“If we hadn’t gone to see my dad, he might be dead,” Carlos Martinez drops. A few hours earlier, he had found his father dozing at home, the gas stove on, as he tried to warm himself.

Fortunately, the octogenarian is doing well, says Carlos Martinez.

La Presse met him on Saturday at the Beaconsfield Recreation Center, where he was spending a third consecutive day with his wife, Marianne Kwiatkowski, and their four children.

Nearly 132,000 homes remained without power around 10 p.m., and at least 100,000 customers could have to wait until Monday to find power, warns Hydro-Quebec.

In Montreal, residents of the West Island were among the last to be reconnected on Saturday evening. For some, the wait has become unbearable.

Earlier in the day, Carlos Martinez and his wife visited his father, who was also out of power, in Pierrefonds. They found him dozing on the sofa, the gas stove on.

“Imagine how many people do that!” We know it’s dangerous, but we do it when we’re cold,” said Marianne Kwiatkowski.

More than a hundred people were taken to hospital in Montreal and Laval to be treated for symptoms of carbon monoxide poisoning, according to Urgences-santé.

Recall that a man lost his life Friday by carbon monoxide poisoning, while trying to warm up, in Saint-Joseph-du-Lac. “One death too many,” said Economy and Energy Minister Pierre Fitzgibbon.

Hydro-Quebec expected to have reconnected a million of its customers by midnight Saturday, about 72 hours after a major episode of freezing rain plunged more than 1.1 million homes into darkness on Wednesday.

Nearly 120,000 customers remained without power around midnight Sunday, while about 1,500 Hydro-Quebec employees were working on the ground to reconnect them.

“We’re really falling into the part of our plan where we’re going to start restoring outages where fewer customers are impacted. The rate of recovery will decrease. Breakdowns could take longer to repair in areas that are more difficult to access,” said the director, energy system control at Hydro-Québec, Maxime Nadeau, in a press briefing.

In order to give a boost to Quebecers who have been deprived of power for a long time, grocery stores, including supermarkets, are authorized to open this Sunday, even if it is a public holiday.

In Beaconsfield on Saturday, about 40 people, including children and seniors, were enjoying electricity at the emergency shelter.

Among them is Janice Taylor looking at her fully charged phone. The night before, she slept on one of the camp beds provided by the center, and she is about to do so again tonight.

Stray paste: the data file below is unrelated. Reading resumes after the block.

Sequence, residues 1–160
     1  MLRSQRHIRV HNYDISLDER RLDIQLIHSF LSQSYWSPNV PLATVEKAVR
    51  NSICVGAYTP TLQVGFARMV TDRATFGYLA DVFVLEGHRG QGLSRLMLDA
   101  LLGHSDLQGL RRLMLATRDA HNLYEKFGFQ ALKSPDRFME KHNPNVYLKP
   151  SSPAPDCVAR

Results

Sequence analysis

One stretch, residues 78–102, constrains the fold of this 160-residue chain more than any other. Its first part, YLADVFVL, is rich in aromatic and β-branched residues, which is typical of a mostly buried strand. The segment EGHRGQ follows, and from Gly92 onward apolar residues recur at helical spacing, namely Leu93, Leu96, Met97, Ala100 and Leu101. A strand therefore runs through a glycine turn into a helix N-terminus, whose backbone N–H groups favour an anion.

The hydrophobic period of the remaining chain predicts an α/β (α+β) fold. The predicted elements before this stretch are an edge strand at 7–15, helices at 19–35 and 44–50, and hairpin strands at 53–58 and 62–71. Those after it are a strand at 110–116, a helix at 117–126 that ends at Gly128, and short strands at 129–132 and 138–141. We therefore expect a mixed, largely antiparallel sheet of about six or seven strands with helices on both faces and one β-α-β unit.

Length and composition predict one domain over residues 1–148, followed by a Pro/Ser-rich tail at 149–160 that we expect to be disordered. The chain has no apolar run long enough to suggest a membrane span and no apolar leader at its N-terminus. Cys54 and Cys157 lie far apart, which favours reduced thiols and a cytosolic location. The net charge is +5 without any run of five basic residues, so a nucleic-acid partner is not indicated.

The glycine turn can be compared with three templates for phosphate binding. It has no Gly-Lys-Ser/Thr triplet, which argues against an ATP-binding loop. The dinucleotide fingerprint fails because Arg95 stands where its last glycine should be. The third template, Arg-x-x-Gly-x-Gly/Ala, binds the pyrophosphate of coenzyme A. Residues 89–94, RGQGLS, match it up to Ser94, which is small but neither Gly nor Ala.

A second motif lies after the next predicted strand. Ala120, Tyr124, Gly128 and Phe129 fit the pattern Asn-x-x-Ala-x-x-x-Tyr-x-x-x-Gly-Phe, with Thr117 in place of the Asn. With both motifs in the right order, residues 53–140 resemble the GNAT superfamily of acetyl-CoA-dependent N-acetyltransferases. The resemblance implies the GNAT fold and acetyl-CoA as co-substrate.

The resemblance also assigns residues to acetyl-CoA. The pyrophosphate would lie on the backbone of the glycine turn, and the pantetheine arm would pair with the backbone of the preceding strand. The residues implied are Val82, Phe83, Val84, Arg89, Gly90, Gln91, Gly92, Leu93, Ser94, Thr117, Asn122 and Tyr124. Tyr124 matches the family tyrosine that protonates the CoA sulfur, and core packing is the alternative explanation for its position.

“I slept at home with a toque, gloves, frozen nose. It was too hard,” she says with a smile.

Only downside: she discovered the shelter by chance, the information having been communicated by email, inaccessible without internet, she laments. “This morning, I informed all my neighbors, door to door. Nobody knew,” says Taylor.

Further on, Danny Huang plays cards with his wife and teenage daughters. “We’re killing time!” “, he launches. At least here he can speak louder than in the library, he adds.

A total of 129 people, including 50 families, spent the night from Thursday to Friday in one of these shelters in Montreal.

To customers frustrated to have lost power again, Maxime Nadeau of Hydro-Québec confirms that this can unfortunately happen in the event of major reconnections.

“It happens when you reconnect customers who have been interrupted for a long time. It requires more electricity, so it can generate an additional break that we have to repair on the network, “he said on Saturday.

The other three most affected regions are Outaouais, with nearly 15,000 customers affected, Montérégie, with more than 13,000 affected, and Laval, with more than 9,000 customers in the dark.

In a scrum in Montreal, the Minister of Public Safety, François Bonnardel, announced financial assistance to help cities affected by the blackouts in the establishment of emergency services.

He also acknowledged that the situation was not easy for people who have had no electricity for almost four days.

“We learned about emergencies, like the pandemic, so we were able to put measures in place to meet their needs, so they could keep warm, power up their electrical appliances, and even sleep indoors,” he underlined during his visit to the Lasallian Center, which serves as a temporary refuge in the Saint-Michel district.

“We’re doing everything we can to make life a little more enjoyable, but I know everyone wants to get back connected as soon as possible. »